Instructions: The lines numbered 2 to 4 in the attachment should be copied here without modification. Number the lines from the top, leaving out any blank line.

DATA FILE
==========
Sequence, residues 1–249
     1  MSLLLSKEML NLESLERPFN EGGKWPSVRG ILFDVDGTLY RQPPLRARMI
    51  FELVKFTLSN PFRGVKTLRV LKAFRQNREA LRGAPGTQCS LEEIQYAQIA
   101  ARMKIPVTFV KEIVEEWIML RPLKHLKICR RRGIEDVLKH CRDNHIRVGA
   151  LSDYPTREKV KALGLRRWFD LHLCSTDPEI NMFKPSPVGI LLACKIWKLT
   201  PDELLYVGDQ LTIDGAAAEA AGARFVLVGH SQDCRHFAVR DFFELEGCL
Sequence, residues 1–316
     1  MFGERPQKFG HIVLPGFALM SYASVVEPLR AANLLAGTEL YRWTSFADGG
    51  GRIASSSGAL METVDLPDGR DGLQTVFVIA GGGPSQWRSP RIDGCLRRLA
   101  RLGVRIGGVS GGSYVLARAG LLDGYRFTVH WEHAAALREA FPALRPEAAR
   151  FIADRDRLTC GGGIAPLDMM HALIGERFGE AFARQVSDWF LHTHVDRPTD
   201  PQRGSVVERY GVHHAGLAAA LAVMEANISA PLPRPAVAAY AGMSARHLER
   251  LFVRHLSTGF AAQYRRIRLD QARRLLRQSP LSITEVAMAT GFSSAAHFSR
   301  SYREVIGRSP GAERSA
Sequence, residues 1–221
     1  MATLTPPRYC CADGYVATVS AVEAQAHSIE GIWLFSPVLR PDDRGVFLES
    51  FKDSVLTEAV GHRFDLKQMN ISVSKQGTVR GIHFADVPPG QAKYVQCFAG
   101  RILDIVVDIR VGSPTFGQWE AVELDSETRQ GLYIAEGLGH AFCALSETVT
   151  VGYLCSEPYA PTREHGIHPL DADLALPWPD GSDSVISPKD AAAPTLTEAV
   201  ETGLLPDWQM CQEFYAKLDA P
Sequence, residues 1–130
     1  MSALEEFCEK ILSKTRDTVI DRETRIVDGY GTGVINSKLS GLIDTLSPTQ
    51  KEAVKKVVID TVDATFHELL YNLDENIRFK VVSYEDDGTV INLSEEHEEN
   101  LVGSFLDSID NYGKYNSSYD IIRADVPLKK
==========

     1  MSLLLSKEML NLESLERPFN EGGKWPSVRG ILFDVDGTLY RQPPLRARMI
    51  FELVKFTLSN PFRGVKTLRV LKAFRQNREA LRGAPGTQCS LEEIQYAQIA
   101  ARMKIPVTFV KEIVEEWIML RPLKHLKICR RRGIEDVLKH CRDNHIRVGA